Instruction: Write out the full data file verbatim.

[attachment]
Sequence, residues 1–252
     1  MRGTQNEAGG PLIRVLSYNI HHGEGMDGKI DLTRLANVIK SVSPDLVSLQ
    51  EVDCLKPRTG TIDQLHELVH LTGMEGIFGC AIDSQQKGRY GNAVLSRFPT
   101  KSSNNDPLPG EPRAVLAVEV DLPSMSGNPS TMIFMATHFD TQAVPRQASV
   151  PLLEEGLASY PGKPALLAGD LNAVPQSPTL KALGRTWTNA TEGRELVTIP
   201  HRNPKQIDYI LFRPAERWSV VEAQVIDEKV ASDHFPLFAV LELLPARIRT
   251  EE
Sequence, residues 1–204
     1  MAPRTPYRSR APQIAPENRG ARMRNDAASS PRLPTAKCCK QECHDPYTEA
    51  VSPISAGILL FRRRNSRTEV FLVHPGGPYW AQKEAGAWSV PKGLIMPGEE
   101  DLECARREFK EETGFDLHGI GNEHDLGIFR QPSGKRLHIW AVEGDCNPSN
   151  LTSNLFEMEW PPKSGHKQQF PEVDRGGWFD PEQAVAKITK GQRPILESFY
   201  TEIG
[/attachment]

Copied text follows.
Sequence, residues 1–252
     1  MRGTQNEAGG PLIRVLSYNI HHGEGMDGKI DLTRLANVIK SVSPDLVSLQ
    51  EVDCLKPRTG TIDQLHELVH LTGMEGIFGC AIDSQQKGRY GNAVLSRFPT
   101  KSSNNDPLPG EPRAVLAVEV DLPSMSGNPS TMIFMATHFD TQAVPRQASV
   151  PLLEEGLASY PGKPALLAGD LNAVPQSPTL KALGRTWTNA TEGRELVTIP
   201  HRNPKQIDYI LFRPAERWSV VEAQVIDEKV ASDHFPLFAV LELLPARIRT
   251  EE
Sequence, residues 1–204
     1  MAPRTPYRSR APQIAPENRG ARMRNDAASS PRLPTAKCCK QECHDPYTEA
    51  VSPISAGILL FRRRNSRTEV FLVHPGGPYW AQKEAGAWSV PKGLIMPGEE
   101  DLECARREFK EETGFDLHGI GNEHDLGIFR QPSGKRLHIW AVEGDCNPSN
   151  LTSNLFEMEW PPKSGHKQQF PEVDRGGWFD PEQAVAKITK GQRPILESFY
   201  TEIG